Use A Checklist to Improve Your Punch List Meetings
One of the most useful punch list best practice tips for creating a successful punch list experience is to use a checklist to ensure you don’t overlook important details. This article will show how you can use a checklist for your next punch list meeting.
What is a Punch List Checklist?
A punch list checklist is a list of all the items that need to be reviewed during the punch list meeting.
In a punch list meeting, the client, architect, and general contractor inspect the project and document all the issues that must be solved before the final payment is released.
Many things need to be reviewed during this meeting and multiple people attend, each sharing their thoughts.
Each person focuses on the things that are important to them. They each have a personal agenda: the contractor wants to get paid, and the client wants to make sure everything is correct before they pay.
That’s why staying 100% in control, calm, and focused is not always easy. As a result, it’s perfectly normal if you forget to review or check some things.
Using a checklist makes it easier to keep an overview of the whole project. You won’t need to use your mental RAM to track what has been reviewed and what hasn’t. The checklist will do it for you.
It is best to document the items in your checklist that are NOT OK and need to get fixed as precisely as possible. Add some explanation text, take photos with annotation, locate the item on a floor plan, and so on.
This way, all parties involved know exactly what they need to do and any confusion about who has to do what is avoided.
At the end of the meeting, you can review your checklist to ensure all the project items have been checked.
Checklists reduce the risk of mistakes and increase the likelihood that everything will get done correctly.
3 Tips for Using a Checklist During a Punch List Meeting
1. Make your checklist simple and specific
Take some time to get your checklist right. Here are some elements to take into account when drafting your punch list checklist:
- Make your checklist specific for the project type: the things to review probably differ between residential and industrial construction projects.
- Take into account specific project elements: are there any particular requirements, for example, related to administration or fire safety?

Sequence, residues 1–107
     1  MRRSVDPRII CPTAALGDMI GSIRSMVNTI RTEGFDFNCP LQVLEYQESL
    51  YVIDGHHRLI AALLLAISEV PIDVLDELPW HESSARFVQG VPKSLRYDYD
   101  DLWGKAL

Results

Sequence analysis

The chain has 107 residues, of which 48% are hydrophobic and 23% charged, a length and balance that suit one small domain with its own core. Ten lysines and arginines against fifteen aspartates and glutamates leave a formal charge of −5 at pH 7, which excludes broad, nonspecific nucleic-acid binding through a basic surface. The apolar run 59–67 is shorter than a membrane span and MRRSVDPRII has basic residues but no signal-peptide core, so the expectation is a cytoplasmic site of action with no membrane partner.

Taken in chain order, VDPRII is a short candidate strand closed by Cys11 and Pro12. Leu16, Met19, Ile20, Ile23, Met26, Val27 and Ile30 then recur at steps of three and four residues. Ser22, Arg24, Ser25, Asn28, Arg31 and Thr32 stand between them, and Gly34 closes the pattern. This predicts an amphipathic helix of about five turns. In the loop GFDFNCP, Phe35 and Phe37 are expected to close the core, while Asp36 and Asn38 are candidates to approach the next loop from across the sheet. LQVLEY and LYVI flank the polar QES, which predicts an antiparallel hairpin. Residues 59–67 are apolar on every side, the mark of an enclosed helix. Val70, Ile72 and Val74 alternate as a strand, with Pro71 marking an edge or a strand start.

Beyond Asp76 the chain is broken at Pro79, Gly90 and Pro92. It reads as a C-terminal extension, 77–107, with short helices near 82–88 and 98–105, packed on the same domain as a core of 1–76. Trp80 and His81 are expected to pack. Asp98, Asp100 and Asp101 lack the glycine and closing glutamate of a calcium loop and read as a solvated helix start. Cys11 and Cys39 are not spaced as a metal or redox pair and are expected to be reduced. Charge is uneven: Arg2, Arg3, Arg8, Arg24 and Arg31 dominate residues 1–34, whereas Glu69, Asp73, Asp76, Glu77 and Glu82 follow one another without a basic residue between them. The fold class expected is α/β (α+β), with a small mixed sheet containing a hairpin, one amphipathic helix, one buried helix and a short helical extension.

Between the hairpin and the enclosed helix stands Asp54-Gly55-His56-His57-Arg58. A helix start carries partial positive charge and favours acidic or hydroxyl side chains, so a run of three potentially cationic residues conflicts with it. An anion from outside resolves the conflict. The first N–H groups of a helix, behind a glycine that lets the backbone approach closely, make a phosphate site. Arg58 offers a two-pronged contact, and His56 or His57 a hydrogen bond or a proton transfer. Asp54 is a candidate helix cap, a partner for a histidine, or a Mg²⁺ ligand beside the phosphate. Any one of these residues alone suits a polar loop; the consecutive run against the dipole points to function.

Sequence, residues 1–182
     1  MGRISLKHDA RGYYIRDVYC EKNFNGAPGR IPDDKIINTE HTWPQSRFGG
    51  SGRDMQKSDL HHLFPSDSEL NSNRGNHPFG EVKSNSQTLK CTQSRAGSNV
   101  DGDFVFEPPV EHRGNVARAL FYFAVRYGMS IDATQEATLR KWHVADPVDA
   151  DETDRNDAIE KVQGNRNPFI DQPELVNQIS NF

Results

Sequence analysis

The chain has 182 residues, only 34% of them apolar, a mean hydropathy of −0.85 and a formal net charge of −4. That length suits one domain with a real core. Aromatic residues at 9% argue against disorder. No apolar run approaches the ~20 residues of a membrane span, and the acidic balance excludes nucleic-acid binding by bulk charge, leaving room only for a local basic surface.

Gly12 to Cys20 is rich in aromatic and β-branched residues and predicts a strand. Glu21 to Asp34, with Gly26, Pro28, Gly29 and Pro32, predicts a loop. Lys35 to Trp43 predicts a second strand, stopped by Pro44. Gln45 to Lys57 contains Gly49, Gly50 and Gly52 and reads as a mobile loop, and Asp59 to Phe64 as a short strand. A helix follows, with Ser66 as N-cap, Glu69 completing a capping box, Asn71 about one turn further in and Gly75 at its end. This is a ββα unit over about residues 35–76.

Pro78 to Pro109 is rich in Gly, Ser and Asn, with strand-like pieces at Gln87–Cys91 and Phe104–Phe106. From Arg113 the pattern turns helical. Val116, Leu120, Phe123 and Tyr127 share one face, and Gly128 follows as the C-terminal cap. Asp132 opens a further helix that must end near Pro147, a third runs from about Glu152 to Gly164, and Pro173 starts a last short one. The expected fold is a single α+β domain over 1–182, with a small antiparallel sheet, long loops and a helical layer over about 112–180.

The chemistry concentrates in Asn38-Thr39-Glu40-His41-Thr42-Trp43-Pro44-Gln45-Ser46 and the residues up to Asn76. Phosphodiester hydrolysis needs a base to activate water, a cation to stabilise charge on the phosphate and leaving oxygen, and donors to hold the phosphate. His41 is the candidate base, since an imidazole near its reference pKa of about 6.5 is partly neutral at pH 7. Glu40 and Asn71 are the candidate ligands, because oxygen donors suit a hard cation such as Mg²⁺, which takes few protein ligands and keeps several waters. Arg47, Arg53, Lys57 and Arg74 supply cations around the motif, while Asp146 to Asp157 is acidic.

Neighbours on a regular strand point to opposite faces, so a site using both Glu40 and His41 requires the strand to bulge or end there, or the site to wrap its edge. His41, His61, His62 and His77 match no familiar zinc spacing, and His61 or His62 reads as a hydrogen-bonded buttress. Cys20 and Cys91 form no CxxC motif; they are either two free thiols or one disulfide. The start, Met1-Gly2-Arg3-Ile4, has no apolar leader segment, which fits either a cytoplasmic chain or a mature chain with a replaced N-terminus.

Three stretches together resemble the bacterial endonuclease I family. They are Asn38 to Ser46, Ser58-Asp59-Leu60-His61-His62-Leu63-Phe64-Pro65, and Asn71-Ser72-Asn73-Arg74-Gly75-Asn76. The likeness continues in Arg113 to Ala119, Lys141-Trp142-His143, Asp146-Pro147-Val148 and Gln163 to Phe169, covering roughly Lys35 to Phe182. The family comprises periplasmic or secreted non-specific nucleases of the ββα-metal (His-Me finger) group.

- Include the areas that need to be reviewed: For example, Room 1, Room 2, Bathroom, Outside Area, and so on.
- Keep the items to review for these different areas short and clear: This will help you to work through your checklist quickly and efficiently.
2. Convert your current paper checklist into a digital inspection form
Many architects, engineers and contractors still use paper checklists on the construction site.
They fill in the checklist on paper and write the notes in Word or Excel when they’re back at the office. They then transfer the pictures from their phone or tablet to their PC and insert them into the Word doc, which causes the layout to jump around.
Today there are punch list apps like Deltek ArchiSnapper that you can use to transform your paper checklist into a smart digital form.
You can then review and fill in the checklist with your phone or tablet immediately while doing the punch list inspection on-site. You can complete the items to check with notes, pictures, annotations, due dates, assignees and location pointers.
When you finish the punch list inspection, the punch list report will automatically be generated with an overview of the pending items and details. You can use your own layout and branding to present a professional image.
The advantage of such a punch list app is that it will save you a lot of time: no more writing notes or struggling to insert photos or annotate on floor plans. You will also always have all your documents—like contracts, drawings or blueprints— on your phone or tablet.
Moreover, you can easily share the punch list with all parties involved so everyone knows exactly what to work on. They can even give feedback (with text or photo) on the items assigned to them.
3. Adjust and get better
After every punch list meeting, take a moment to think of things that you could include in the checklist. Make it a habit to continuously improve your checklist based on your experiences.